• short sleeved
  • long sleeved – tight fitted at the top widening below the elbow

Short to below the hips:

  • sleeveless
  • short sleeved
  • long tight sleeved

Fabrics

The most popular fabrics were heavy silks such as brocaded silk, velvet, brocaded silk with metallic threads in lampas structure, and clothe of gold and silver. Colours – rich reds and yellows, some blue but green was rare until the 18th century

Entari pattern

 

 

Whirling dervishes

The Order of the Whirling Dervishes is one branch of the vast Sufi tradition of Islam.The ritual dance SEMA began with the inspiration of Mevlâna Jalâluddîn Rumi (1207-1273) and was influenced by Turkish customs and culture.

The Mevlevi Order was founded by the followers of Jalal ad-Din Muhammad Balkhi-Rumi (popularly referred to as Rumi) in 1273. Rumi was a 13th century Islamic spiritual leader who was born in 1207 in Balkh in present day Afghanistan. With the onset of the Mongol invasion of Central Asia between 1215 and 1220, Rumi’s family journeyed westwards, eventually settling down in Konya, Anatolia, in present day Turkey.

One of Rumi’s most fruitful friendships was with Shams-e Tabrizi, whom he met at the age of 37. Among other things, Shams had introduced Rumi to music, poetry and dance as a mystical way of connecting with the divine. It is these artistic expressions that are the characteristic features of the whirling dervishes of the Mevlevi Order, which was founded after Rumi’s death by his son, Sultan Veled, his disciple Çelebi Hüsamettin, and his grandson Ulu Arif Çelebi.

Ancient origins

Pro-marker pen on water colour paper © Molly Williams

The Ritual Dance or Sema

The Mevlevi Ritual dance consists of several stages with different meanings:

The first stage, Naat-i Sherif, is a eulogy to the Messenger of Islam and the all Prophets before him, who represent love. 

The Naat-i Sherif is followed by a Taksim, an improvisation on the reed flute or neyThis expresses the divine breath, which gives life to everything.

Then follows the Sultan Veled procession or Devr-i Veled, accompanied by peshrev music; this is a circular, anticlockwise, procession three times around the turning space. The greetings of the semazen, or whirling dervishes, during the procession represent the three stages of knowledge: ilm-al yaqin (received knowledge, gained from others or through study), ayn-al yaqin (knowing by seeing or observing for oneself) and haqq-al yakin (knowledge gained through direct experience, gnosis).

During the Sema itself there are four selams, or musical movements, each with a distinct rhythm. At the beginning, during and close of each selam, the semazen testify to God’s existence, unity, majesty and power:

The First Selam represents the human being’s birth to truth through feeling and mind. It represents his complete acceptance of his condition as a creature created by God.

The Second Selam expresses the rapture of the human being witnessing the splendor of creation in the face of God’s greatness and omnipotence.

The Third Selam is the rapture of dissolving into love and the sacrifice of the mind to love. It is complete submission, unity, and the annihilation of self in the Beloved. This is the state that is known as nirvana in Buddhism and fana fillah in Islam. The next stage in Islamic belief is the state of servanthood represented by the Prophet, who is called God’s servant foremost and subsequently His ‘Messenger.’ The aim of Sema is not uncontrolled ecstasy and loss of consciousness, but the realization of submission to God.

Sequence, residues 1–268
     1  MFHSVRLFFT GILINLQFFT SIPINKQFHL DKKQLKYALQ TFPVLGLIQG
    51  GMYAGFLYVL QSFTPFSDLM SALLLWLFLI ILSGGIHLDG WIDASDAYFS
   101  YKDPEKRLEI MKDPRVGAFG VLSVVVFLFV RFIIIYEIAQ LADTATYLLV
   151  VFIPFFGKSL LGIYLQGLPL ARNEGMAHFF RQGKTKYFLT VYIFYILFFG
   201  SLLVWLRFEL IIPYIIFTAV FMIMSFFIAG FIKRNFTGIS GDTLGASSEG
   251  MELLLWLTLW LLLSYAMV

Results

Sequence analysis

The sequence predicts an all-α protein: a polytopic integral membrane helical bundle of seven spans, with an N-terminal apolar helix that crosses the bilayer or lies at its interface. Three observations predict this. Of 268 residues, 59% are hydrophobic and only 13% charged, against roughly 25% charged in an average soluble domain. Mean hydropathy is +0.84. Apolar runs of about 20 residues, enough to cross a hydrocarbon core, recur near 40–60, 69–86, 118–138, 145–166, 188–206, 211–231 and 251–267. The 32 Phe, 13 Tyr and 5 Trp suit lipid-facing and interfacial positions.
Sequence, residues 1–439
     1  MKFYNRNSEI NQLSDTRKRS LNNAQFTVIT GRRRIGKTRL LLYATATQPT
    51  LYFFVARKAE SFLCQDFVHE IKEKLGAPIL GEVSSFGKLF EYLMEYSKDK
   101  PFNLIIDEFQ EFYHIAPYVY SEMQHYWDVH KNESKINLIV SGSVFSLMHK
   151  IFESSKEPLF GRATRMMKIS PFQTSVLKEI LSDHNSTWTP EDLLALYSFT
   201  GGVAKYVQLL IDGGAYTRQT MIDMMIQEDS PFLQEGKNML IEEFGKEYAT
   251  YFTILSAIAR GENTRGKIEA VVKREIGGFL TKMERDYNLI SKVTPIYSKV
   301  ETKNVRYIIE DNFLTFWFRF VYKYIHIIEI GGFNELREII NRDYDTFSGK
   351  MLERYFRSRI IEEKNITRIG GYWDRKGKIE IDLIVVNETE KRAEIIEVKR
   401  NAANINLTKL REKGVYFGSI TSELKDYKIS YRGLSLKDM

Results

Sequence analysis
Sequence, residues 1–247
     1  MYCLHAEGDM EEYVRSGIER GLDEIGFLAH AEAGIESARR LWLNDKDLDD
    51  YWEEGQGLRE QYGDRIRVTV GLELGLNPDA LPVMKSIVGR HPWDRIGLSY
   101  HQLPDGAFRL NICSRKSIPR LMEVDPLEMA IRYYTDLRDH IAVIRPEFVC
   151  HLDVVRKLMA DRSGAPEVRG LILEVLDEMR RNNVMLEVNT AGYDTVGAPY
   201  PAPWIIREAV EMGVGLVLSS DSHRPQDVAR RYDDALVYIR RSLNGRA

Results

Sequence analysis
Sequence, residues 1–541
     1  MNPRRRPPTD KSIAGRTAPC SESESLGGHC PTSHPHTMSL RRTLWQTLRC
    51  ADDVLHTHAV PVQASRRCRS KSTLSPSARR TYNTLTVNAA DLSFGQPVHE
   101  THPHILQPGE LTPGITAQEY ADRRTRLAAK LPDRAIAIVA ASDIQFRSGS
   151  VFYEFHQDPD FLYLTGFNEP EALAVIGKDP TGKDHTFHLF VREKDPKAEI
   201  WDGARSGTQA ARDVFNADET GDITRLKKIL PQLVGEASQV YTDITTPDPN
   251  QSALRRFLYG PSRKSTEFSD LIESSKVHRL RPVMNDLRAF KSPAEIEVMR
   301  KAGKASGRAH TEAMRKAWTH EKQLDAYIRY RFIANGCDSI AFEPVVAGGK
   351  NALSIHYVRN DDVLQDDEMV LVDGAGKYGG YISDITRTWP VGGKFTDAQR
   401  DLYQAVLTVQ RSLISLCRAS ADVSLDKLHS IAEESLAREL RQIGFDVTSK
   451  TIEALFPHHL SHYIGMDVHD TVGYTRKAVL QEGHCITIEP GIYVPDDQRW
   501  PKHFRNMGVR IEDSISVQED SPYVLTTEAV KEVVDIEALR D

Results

In the Fourth Selam, just as the Prophet ascends to the spiritual Throne of Allah and then returns to his task on earth, the whirling dervish, after the ascent of his spiritual journey, returns to his task, to his servanthood. He is a servant of God, of His Books, of His Prophets, of His whole Creation.

This is followed by a recitation from the Qur’an, the Sura (Chapter) Mary on the miracle birth of Jesus and his mission.

At the end, by the salute, the dervish demonstrates again the number ‘1’ in his appearance, arms consciously and humbly crossed, and, by this, the unity of God.

The ceremony ends with a prayer for the peace of the souls of all the Prophets and believers.
After the completion of the Sema, all the dervishes retire silently to their rooms for meditation and further remembrance of God.

The whirling dervishes

Click on the link above to be directed to a Youtube video

Dervishes

19th century Ottoman entari

This beautiful Ottoman entari is in the archives of the Clothworkers Centre, London and I had the chance to examine it closely and to make notes about its size and construction.

The main fabric appears to be of cotton with stripes of soft yellow motifs and darker black floral motifs woven into the fabric on a cream background, further embellished with hand embroidered chain stitch flower and leaf motifs in several shades of green, blue, soft brown and pink/red.

 

The lining is a deep blue fabric with a woven floral pattern

Scalloped edges are embellished with a gold coloured braiding

Garment measurements:

The sleeves are over long and shaped beautifully towards the cuff

Neck line detail – a scalloped edge and no buttons or evidence of closure

Finishing – to finish the edges of the entari I could see that the top striped fabric was hemmed at the edges – turned in together with the blue lining and hand stitched. The braiding was then stitched along the edges of the top fabric. I could not see any facings or interlinings.

 

Braiding is attached to the top striped fabric along the scalloped edge:

The Clothworkers Centre, London